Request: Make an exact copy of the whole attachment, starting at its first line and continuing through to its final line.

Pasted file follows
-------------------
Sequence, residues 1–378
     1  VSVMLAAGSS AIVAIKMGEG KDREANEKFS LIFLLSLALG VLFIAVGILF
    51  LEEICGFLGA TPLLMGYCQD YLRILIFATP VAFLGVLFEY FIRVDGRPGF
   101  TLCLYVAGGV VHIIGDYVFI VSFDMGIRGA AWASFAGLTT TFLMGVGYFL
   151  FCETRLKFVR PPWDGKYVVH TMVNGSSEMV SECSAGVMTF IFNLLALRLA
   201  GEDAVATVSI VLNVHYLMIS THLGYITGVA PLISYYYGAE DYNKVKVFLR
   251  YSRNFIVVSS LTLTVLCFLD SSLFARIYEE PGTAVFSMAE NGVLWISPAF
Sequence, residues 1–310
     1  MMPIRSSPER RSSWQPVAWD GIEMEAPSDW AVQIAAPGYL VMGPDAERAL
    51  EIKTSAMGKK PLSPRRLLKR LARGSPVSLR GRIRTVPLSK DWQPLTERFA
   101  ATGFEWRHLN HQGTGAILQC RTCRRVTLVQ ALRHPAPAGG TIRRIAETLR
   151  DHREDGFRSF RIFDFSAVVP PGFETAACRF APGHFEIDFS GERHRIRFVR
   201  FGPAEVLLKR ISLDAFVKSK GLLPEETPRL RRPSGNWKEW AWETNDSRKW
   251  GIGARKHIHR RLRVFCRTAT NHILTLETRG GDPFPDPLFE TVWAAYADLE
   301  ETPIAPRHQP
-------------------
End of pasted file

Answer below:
Sequence, residues 1–378
     1  VSVMLAAGSS AIVAIKMGEG KDREANEKFS LIFLLSLALG VLFIAVGILF
    51  LEEICGFLGA TPLLMGYCQD YLRILIFATP VAFLGVLFEY FIRVDGRPGF
   101  TLCLYVAGGV VHIIGDYVFI VSFDMGIRGA AWASFAGLTT TFLMGVGYFL
   151  FCETRLKFVR PPWDGKYVVH TMVNGSSEMV SECSAGVMTF IFNLLALRLA
   201  GEDAVATVSI VLNVHYLMIS THLGYITGVA PLISYYYGAE DYNKVKVFLR
   251  YSRNFIVVSS LTLTVLCFLD SSLFARIYEE PGTAVFSMAE NGVLWISPAF
Sequence, residues 1–310
     1  MMPIRSSPER RSSWQPVAWD GIEMEAPSDW AVQIAAPGYL VMGPDAERAL
    51  EIKTSAMGKK PLSPRRLLKR LARGSPVSLR GRIRTVPLSK DWQPLTERFA
   101  ATGFEWRHLN HQGTGAILQC RTCRRVTLVQ ALRHPAPAGG TIRRIAETLR
   151  DHREDGFRSF RIFDFSAVVP PGFETAACRF APGHFEIDFS GERHRIRFVR
   201  FGPAEVLLKR ISLDAFVKSK GLLPEETPRL RRPSGNWKEW AWETNDSRKW
   251  GIGARKHIHR RLRVFCRTAT NHILTLETRG GDPFPDPLFE TVWAAYADLE
   301  ETPIAPRHQP